In the last week, Jeff and I presented a workshop at the GROW Academy’s BootCamp, discussing website design & development and focussing on using WordPress to do this. For both our introductory session on Monday and our more in-depth theory discussion on Wednesday, we needed a slideshow presentation to work through the various areas of website construction. Lets zoom back to Monday morning… I needed some slides… in a hurry.
As many of you know, I like to keep my computer as clean as possible. If I don’t use an application, it gets removed and everything that could go onto the machine is thought through before it’s loaded on. Thus, I don’t have PowerPoint, Keynote or anything of the sort… because I don’t need it. Suddenly, I did. Enter SlideRocket.
In today’s society, it seems to be a common occurrence to use the word “impossible”. For example, after climbing a mountain, one might say something like; “wow, that was impossible”. No it wasn’t… you just did it. Nowadays we seem to have a tendency to over-exaggerate (pardon the tautology there) and, in many cases, start to believe what we’re saying. Surely, this affects how we approach tasks and situations. Why should it?
Over the past few years (I’d say, since about 2008), I’ve decided to approach tasks day to day from a different angle. How can we say that a task is “impossible” if we haven’t even yet attempted it?
This is quite a common occurrence in web development… developers looking at a task, attempting to analyze it, getting “stuck” at one point and then moving on, deeming it “impossible”. Why does it have to, all of a sudden, be “impossible”, if you haven’t even attempted it yet? Why settle for the “shortcut” when you could just sit down and develop it how you envision it in the first place?
When making observations, I make a point of looking at and learning from both positive and negative observations… taking the lessons and learning from them. I also quite enjoy relating one industry to another, taking a lesson or observation from a certain industry and applying it to another. Today’s topic is around promotion, pushing your brand and creating public awareness around what you’re trying to achieve. Much of this, I’ve observed and learned through the music industry.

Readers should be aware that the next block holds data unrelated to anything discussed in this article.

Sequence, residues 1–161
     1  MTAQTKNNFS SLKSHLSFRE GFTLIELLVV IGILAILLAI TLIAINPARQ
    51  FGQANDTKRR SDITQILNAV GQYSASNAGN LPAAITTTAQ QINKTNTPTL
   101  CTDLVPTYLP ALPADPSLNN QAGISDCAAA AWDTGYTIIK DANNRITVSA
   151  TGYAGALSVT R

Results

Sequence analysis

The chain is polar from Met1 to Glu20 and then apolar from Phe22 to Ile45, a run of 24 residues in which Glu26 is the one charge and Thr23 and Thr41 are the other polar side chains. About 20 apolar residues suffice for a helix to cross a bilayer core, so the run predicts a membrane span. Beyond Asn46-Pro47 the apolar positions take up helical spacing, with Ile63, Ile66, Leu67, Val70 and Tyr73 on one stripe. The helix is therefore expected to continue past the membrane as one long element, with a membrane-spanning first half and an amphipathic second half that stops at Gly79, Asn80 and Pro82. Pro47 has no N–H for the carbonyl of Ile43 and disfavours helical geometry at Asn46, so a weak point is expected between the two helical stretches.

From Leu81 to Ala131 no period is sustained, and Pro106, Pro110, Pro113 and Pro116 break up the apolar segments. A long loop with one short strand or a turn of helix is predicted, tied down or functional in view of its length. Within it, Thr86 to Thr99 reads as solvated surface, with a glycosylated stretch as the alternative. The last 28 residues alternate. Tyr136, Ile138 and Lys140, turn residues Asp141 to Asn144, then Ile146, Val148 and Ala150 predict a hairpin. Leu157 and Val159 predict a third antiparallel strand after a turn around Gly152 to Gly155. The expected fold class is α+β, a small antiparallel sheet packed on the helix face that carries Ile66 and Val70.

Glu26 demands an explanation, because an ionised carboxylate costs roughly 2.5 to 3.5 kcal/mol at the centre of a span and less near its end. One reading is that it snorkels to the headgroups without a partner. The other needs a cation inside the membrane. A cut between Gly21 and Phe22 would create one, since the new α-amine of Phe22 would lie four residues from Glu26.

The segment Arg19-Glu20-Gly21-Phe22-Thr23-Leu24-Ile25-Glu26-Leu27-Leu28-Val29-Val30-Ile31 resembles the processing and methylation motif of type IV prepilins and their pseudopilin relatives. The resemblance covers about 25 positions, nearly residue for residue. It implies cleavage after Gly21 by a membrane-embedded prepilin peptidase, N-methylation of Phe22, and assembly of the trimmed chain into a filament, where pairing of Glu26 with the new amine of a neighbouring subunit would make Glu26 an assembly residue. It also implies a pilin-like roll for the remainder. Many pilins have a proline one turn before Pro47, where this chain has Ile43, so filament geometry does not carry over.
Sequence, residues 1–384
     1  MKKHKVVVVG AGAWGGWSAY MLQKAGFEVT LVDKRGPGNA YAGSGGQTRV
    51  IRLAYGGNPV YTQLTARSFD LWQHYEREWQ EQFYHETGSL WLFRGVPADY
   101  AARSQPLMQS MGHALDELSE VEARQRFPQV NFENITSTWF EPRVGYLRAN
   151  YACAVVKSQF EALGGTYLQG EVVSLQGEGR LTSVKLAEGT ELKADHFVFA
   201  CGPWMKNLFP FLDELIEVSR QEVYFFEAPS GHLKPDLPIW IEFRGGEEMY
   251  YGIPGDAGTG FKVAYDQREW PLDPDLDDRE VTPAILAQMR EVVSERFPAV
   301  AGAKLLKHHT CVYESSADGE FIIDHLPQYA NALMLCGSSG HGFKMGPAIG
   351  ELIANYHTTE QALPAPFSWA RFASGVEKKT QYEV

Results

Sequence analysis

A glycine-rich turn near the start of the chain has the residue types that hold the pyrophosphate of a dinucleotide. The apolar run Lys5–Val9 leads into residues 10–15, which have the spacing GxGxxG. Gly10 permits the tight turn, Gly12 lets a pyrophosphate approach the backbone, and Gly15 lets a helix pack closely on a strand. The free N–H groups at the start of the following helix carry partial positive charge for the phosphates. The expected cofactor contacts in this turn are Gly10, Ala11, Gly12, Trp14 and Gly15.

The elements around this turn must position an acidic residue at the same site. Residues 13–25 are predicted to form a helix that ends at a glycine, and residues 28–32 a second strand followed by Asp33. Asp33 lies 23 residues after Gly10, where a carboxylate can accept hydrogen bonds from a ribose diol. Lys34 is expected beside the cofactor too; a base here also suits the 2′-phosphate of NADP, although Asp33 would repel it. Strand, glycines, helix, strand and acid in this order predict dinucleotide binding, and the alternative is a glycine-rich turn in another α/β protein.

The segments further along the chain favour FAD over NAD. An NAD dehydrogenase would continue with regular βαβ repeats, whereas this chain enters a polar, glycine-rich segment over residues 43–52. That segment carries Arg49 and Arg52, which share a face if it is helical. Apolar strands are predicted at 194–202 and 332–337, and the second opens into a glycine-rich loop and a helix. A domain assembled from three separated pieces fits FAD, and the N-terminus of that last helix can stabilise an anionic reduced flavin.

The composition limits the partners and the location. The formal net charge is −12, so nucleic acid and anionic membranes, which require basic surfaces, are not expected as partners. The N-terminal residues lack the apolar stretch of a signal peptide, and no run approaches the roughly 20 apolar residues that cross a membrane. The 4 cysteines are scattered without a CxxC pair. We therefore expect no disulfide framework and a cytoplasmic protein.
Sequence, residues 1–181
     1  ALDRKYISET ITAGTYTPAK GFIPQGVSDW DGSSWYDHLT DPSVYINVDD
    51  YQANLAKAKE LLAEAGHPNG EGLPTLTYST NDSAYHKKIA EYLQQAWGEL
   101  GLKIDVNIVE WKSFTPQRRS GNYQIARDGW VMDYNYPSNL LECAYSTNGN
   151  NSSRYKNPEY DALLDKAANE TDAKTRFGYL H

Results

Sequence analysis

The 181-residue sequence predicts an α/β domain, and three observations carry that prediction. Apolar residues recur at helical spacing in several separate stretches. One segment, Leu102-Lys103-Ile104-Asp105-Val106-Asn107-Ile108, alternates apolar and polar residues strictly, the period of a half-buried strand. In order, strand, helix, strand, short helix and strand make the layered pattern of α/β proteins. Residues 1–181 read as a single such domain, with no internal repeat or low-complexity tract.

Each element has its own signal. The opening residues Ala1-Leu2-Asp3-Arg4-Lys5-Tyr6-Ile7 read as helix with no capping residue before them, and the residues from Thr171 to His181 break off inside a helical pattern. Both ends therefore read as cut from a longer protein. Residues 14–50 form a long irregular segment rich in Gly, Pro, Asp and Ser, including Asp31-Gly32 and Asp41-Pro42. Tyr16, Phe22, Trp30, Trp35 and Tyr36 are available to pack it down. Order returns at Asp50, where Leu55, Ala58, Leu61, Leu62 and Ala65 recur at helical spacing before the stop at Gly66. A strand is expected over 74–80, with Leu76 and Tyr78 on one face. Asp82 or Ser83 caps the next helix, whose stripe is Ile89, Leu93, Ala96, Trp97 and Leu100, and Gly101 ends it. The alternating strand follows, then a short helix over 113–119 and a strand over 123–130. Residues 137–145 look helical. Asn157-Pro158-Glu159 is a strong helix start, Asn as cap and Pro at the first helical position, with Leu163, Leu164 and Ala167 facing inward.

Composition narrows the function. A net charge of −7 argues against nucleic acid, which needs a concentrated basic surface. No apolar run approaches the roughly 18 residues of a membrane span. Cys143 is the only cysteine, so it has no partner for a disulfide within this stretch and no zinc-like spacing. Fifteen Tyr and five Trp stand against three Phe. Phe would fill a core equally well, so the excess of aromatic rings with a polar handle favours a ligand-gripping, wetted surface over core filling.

In the music industry, there are many layers. The layer I’ll be focussing on here is that of the independent artists. The guys who run their own show and manage themselves and everything that goes along with being in a band or performing as a solo artist.
At the GROW Academy 2012, Jeff and I have been discussing and showcasing WordPress and what it can do. We’ve been working with the recruits, setting up WordPress.com websites and learning the system.
We thought it’d be a cool idea to showcase what the recruits of 2012 have compiled.
While sitting down to write what was likely to be a completely different blog post, I found myself compelled to write this, so here goes…
E-mail, as a technology, is broken… and we broke it.
E-mail (electronic mail) was originally intended as a means of sending messages digitally in a similar form as a posted letter. A nice simple envelope with a hand-written or typed up letter, possibly to a pen-pal or maybe a notice to cancel an account of sorts… only digital.
As the internet became more popular, it became more a commonplace item in our lives. Nowadays, we almost assume that someone has at least an e-mail address, let alone a Facebook or Twitter account. E-mail is a common form of communication amongst the majority of us who are hooked into technology… so why can’t we use it correctly?